If we read Matthew 8.5-13; Luke 7.1-10 together side by side, these two parallel accounts seem to conflict. This is because the careful historian Luke enquires as to the exact details from eyewitnesses and writes them out. But Matthew give us a more 'popular' account. He wants to get over the point vividly. He was quite possibly absent at the time the event occurred and was told about it. ('Do you know what happened. This centurion sent to Jesus -- and do you know what he said --' ). Luke's is literally true. Matthew's uses a straightforward literary device to simplify it and bring home the personal faith of the centurion. It is a well known literary device to personalise in this way. For example we may say that Nebuchadnezzar invaded and destroyed Jerusalem. But was Nebuchadnezzar actually there? Probably not. He 'went' through his armies, probably himself staying at his headquarters further to the north, and he certainly had himself no part in actually destroying Jerusalem. He would not soil his hands with such a thing. It was best left to servants. The account has been personalised. The actions of his servants are seen as being his actions. And this is a regular feature of historical writings. It is not unusual. It is common practise. This is the technique that Matthew uses. He simplifies the story by omitting the secondary characters. The centurion came to Jesus (through his servants). The words to Jesus were spoken by him (through his servants). Jesus reply went back to him (via his servants). But all that was done and said was the action of the centurion for he instigated what happened, he was responsible for what happened, and they were his words that were passed on to Jesus. In other words he did it (through his servants), just as Nebuchadnezzar invaded Jerusalem through his servants. Matthew just personalises it. But there is no doubt that Matthew's account brings things more alive and concentrates on the central character. It brings out more his faith (which was the point of the story when it was passed on). We actually, as it were, get to know the centurion in a way we would not through Luke's account because it is more direct. If we are being pedantic we would say that Matthew was not strictly historically correct, and we would be both right and wrong. As an exactly literal description of what happened and who was directly responsible in person at each point in time Matthew's account is a failure. It would not have done in a court of law. But as an explanation of what essentially happened it was a masterpiece. It was made more vivid by avoiding the secondary characters. When you read the newspapers you will often find that they cut corners in this way. If they pedantically went into full detail about everything they would lose many of their readers. What they want to get over is what is essential. And that is what Matthew did as well. Of course it is always possible that the centurion, waiting anxiously at home, did at some point follow up his servants and arrive in person. It is possible that having sent his servants with a message he turned up in person with the same message because he was so anxious. He would not be the first person to do such a thing. And thus Jesus might have said the same thing twice, once because of the servants' words and again at the centurion's own words, but I think the first suggestion is probably nearer to the facts. In either case, however, the accounts got over the essential truth. But then we have the question as to why, if the centurion knew that Jesus could heal at a distance, he did not just send to Him to ask Him to do it. Luke gives us the answer. The centurion did believe that Jesus could heal at a distance. What he did not know was whether this fervent Hebrew prophet would do it for a 'hated' Roman centurion. So he asked people whom he felt would have some influence to go and persuade Jesus. Then when he learned that the appeal had been successful through a fast messenger who said 'He's coming', he sent the second message. This is extremely likely given the state of things at the time. You and I know that Jesus would respond to such an appeal but to a Roman officer who often had to deal with Jewish crowds and even fervent religious figures, in a heavy-handed way, and knew their feelings towards him, the case would not be quite so obvious. He handled the matter diplomatically. And in fact Jesus never went to the house in either story.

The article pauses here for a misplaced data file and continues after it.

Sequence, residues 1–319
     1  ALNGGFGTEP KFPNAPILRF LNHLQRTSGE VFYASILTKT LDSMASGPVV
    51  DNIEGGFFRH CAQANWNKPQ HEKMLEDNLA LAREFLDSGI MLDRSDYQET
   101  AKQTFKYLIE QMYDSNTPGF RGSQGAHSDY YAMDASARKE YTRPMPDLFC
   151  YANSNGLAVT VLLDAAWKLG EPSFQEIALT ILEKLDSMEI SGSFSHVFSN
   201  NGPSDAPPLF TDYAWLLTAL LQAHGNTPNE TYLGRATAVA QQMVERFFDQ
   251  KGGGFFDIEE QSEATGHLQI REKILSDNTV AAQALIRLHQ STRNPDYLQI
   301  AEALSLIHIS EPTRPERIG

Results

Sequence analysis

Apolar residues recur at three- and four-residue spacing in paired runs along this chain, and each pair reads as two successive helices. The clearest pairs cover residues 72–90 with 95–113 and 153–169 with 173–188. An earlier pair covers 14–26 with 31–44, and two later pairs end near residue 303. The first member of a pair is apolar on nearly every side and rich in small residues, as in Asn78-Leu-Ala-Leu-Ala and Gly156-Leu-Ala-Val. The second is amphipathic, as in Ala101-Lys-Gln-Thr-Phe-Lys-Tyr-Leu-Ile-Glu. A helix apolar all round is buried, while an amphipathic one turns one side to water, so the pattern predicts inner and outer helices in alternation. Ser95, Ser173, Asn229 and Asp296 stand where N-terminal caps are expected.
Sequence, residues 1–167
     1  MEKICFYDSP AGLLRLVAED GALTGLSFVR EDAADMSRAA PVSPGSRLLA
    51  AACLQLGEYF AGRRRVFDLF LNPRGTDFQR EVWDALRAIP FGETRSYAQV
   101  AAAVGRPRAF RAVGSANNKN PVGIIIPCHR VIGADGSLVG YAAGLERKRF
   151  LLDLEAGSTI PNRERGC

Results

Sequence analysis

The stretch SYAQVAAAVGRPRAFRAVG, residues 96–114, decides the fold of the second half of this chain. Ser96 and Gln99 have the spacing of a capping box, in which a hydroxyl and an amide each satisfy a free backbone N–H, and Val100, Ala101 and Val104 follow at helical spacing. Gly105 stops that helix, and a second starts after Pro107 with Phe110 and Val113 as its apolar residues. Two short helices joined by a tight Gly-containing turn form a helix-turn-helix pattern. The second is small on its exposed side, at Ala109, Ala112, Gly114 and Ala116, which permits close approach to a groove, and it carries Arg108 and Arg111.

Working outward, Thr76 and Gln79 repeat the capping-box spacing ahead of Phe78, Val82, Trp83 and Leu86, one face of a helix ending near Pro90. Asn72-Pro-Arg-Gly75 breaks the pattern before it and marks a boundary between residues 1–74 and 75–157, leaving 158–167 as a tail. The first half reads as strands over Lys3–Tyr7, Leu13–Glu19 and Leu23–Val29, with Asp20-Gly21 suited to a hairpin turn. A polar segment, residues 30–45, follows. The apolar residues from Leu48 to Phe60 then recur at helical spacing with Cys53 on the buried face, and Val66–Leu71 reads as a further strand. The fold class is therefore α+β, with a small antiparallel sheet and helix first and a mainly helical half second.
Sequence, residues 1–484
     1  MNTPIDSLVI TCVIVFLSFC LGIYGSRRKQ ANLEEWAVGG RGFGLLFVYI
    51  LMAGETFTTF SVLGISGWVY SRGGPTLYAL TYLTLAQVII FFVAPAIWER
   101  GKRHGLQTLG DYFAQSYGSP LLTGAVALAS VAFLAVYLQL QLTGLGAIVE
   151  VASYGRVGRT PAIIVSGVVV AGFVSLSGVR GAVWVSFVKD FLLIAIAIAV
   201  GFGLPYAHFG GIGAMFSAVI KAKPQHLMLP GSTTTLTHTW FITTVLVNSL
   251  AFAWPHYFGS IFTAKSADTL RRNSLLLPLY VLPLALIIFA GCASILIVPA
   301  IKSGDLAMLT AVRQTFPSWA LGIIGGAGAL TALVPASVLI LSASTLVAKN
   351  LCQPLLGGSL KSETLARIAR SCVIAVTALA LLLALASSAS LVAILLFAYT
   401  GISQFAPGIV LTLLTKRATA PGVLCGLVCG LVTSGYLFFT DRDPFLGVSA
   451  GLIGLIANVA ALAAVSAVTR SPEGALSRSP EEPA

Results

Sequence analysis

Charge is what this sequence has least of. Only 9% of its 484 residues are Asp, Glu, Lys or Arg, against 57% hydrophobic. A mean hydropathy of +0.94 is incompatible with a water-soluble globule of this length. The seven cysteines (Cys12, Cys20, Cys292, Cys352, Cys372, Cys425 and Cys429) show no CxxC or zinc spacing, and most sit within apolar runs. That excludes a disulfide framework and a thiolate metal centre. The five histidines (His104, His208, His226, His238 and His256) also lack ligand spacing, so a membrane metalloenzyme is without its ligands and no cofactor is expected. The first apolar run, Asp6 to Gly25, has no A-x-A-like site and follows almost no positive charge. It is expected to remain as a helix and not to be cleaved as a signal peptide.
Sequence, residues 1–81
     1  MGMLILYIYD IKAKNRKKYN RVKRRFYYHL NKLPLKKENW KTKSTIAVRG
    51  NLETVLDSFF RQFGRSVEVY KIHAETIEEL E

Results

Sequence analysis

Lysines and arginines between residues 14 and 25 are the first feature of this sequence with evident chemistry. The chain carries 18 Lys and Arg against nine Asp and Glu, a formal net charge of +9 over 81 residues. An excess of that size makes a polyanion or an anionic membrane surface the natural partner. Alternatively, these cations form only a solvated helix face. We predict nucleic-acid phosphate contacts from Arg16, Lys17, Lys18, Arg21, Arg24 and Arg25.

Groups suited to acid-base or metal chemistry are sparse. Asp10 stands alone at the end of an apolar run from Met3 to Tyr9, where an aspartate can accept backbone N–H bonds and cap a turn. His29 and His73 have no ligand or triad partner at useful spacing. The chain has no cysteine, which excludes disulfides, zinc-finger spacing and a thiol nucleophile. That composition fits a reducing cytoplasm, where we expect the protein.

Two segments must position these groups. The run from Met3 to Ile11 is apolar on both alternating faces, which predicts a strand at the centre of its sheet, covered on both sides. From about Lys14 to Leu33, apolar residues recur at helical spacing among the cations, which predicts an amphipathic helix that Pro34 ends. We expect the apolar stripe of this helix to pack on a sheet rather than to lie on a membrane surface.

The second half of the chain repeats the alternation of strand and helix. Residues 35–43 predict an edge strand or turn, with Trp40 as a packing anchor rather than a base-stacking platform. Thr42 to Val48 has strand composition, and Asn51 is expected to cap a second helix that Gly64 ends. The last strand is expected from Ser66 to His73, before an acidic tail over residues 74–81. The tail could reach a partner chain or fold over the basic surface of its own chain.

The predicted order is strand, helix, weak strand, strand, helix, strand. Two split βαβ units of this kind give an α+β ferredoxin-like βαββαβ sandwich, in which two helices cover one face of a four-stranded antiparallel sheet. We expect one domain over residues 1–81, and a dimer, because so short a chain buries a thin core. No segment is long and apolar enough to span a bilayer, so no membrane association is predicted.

In Luke 9:45 Luke said that the disciples did not understand what Jesus was telling them because it was "hidden from them". Is this just an expression to mean that they didn't understand Him, or does it mean that someone or something was concealing the truth from them?